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Inequality and Macroeconomic Factors: A Time-Series Analysis for a Set of OECD Countries

  • Virginia Maestri


    (AIAS, University of Amsterdam, The Netherlands)

  • Andrea Roventini


    (Department of Economics (University of Verona))

In this work, we study the short- and long-run properties of different inequality series vis-à-vis the most important macroeconomic series for a set of OECD countries. We employ standard tools of time series macro-econometrics (e.g. stationarity tests, detrending, comovements analysis, Granger-causality tests, etc.) in order to possible uncover some fresh stylized facts about inequality. The broad picture emerging from our empirical analysis is one where some common patterns coexist together with several country specificities. More specifically, most of inequality series are not stationary; long-run equilibrium relationships between share prices and inequality emerge in Canada, the U.S., and the U.K.; at the business cycle frequencies, most inequality series are counter-cyclical (with the exception of Germany), negatively correlated with inflation and positively correlated with unemployment; consumption inequality is counter-cyclical in Europe, whereas pro-cyclical in English-speaking countries; the comovements between inequality series and government consumption appear to be heavily dependent on the institutions of the countries under analysis; Granger-causality tests suggest that in some cases inequality Granger-causes output.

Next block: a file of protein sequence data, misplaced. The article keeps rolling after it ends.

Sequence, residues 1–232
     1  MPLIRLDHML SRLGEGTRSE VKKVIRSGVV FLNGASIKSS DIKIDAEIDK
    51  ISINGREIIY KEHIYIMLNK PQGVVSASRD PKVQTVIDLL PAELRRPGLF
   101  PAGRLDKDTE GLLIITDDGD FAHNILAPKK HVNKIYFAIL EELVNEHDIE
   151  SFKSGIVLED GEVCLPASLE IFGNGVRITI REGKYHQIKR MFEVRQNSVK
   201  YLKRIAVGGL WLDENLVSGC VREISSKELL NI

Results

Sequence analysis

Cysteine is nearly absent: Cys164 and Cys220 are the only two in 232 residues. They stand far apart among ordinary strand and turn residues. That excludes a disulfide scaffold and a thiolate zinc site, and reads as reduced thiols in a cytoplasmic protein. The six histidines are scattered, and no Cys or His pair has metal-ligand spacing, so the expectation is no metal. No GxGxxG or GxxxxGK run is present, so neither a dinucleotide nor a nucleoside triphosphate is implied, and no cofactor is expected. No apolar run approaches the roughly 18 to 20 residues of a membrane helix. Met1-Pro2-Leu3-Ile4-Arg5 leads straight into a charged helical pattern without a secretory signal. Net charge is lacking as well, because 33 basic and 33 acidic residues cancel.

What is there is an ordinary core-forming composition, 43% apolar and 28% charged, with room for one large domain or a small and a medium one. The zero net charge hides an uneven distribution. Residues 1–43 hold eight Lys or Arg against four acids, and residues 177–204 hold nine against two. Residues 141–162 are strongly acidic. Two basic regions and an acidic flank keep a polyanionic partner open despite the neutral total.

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Paper provided by University of Verona, Department of Economics in its series Working Papers with number 34/2012.

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Length: 37
Date of creation: Nov 2012
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Handle: RePEc:ver:wpaper:34/2012
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  17. Jonathan Heathcote & Fabrizio Perri & Giovanni L. Violante, 2009. "Unequal We Stand: An Empirical Analysis of Economic Inequality in the United States, 1967-2006," NBER Working Papers 15483, National Bureau of Economic Research, Inc.
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